"Saddam and Terrorism" report now online
Questions Petraeus cannot answer
Stuck in the Iraq Loop;
There is a paradox in the current situation in Iraq. We are told that the surge has worked brilliantly and violence is way down. And yet the plan to reduce troop levels—which was at the heart of the original surge strategy—must be postponed or all hell will once again break loose. Making sense of this paradox is critical. Because in certain crucial ways things are not improving in Iraq, and unless they start improving soon, the United States faces the awful prospect of an unending peacekeeping operation—with continuing if limited casualties—for years to come.
In a brilliant and much-circulated essay written in August 2007, "Anatomy of a Tribal Revolt," David Kilcullen, a veteran Australian officer who advised Gen. David Petraeus during the early days of the surge, wrote, "Our dilemma in Iraq is, and always has been, finding a way to create a sustainable security architecture that does not require 'Coalition-in-the-loop,' thereby allowing Iraq to stabilize and the Coalition to disengage in favorable circumstances." We have achieved some security in Iraq, though even this should not be overstated. (Violence is still at 2005 levels, which were pretty gruesome.) But we have not built a sustainable security architecture.
How does one create a self-sustaining process that leads to stability? Do we need more troops? Longer rotations? Kilcullen points in a different direction: "Taking the Coalition out of the loop and into 'overwatch' requires balancing competing armed interest groups at the national and local level." In other words, we need to help forge a political bargain by which Iraq's various groups agree to live together and not dominate one another. "These [groups] are currently not in balance," Kilcullen wrote, "due in part to the sectarian biases of certain players and institutions of the new Iraqi state, which promotes a belief by Sunnis that they will be the permanent victims of the new Iraq. This belief creates space for terrorist groups, including Al Qaeda in Iraq, and these groups in turn drive a cycle of violence that keeps Iraq unstable and prevents us from disengaging."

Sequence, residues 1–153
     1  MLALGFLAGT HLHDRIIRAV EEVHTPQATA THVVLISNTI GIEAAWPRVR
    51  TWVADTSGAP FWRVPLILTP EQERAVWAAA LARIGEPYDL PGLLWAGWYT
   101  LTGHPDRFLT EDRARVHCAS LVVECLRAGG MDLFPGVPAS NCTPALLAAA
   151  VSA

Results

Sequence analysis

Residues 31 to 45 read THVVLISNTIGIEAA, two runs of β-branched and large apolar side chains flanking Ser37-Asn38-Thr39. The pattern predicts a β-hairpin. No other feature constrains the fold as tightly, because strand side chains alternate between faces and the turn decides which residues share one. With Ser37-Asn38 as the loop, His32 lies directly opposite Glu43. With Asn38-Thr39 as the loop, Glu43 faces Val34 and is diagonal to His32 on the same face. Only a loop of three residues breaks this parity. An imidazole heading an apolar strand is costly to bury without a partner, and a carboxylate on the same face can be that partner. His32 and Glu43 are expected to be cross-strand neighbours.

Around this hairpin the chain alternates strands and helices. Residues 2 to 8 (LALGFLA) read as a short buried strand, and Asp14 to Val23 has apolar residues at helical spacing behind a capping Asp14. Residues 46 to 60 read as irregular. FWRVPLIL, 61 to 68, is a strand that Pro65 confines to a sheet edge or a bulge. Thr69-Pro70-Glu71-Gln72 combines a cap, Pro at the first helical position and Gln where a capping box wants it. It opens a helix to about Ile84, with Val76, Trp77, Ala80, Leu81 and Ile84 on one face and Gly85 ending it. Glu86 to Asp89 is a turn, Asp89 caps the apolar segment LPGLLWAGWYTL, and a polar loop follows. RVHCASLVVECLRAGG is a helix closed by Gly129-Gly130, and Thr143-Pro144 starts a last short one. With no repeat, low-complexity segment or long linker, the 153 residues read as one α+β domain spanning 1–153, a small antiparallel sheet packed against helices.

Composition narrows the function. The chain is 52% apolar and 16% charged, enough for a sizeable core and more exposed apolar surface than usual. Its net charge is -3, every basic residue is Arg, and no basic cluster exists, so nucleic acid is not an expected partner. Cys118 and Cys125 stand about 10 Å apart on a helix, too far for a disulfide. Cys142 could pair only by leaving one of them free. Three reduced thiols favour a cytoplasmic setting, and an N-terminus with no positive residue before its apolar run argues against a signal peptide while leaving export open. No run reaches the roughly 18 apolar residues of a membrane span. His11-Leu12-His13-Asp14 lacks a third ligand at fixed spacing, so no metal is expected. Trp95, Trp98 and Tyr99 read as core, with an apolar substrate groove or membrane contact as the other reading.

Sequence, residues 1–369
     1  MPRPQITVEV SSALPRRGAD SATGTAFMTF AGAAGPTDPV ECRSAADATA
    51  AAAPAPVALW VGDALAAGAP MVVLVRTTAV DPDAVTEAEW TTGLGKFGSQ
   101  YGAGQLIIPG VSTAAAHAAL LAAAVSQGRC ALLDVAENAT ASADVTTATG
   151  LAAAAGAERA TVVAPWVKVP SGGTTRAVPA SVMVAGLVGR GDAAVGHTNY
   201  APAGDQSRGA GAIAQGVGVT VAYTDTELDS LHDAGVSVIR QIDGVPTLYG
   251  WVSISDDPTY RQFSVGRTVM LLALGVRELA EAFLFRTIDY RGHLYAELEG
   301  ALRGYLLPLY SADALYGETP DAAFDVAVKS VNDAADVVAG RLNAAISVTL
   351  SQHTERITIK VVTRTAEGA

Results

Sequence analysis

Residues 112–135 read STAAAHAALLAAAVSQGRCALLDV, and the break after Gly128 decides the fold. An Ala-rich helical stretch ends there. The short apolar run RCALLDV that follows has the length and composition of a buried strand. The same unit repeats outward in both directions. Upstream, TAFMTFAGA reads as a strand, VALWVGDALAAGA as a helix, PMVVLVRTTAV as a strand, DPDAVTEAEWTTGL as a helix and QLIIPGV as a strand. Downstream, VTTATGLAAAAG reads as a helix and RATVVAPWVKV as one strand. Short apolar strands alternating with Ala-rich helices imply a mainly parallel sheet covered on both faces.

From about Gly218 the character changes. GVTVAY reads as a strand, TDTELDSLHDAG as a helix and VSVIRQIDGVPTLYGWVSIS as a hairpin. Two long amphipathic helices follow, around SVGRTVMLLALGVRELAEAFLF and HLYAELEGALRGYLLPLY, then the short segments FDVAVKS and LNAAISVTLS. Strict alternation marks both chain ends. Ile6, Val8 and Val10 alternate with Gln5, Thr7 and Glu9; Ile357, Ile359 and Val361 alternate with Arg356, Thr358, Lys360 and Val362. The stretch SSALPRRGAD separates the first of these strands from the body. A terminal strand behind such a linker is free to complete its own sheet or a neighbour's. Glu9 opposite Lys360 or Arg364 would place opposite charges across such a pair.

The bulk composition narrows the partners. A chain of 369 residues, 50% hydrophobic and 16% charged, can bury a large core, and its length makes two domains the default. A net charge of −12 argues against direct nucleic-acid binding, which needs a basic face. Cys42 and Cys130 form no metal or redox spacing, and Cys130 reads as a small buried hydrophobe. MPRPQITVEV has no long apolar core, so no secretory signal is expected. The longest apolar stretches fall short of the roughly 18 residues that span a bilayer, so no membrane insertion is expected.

Quotable: 'There is more to life than this war,' Army captain says
What anti-war movement?
Iraq (Operation Iraqi Freedom)
Stance: McCain has been among the most vocal supporters of the initial invasion of Iraq and last year's troop surge. His stance on these issues has largely defined his presidential run.
Statement: "Only an obdurate refusal to face unpleasant facts -- in this case, that a tyrant who survives only by the constant use of violence is not going to be coerced into good behavior by nonviolent means -- could allow one to believe that we have rushed to war... Our armed forces will fight for peace in Iraq -- a peace built on more secure foundations than are found today in the Middle East. Even more important, they will fight for the two human conditions of even greater value than peace: liberty and justice. Some of our soldiers will perish in this just cause. May God bless them and may humanity honor their sacrifice."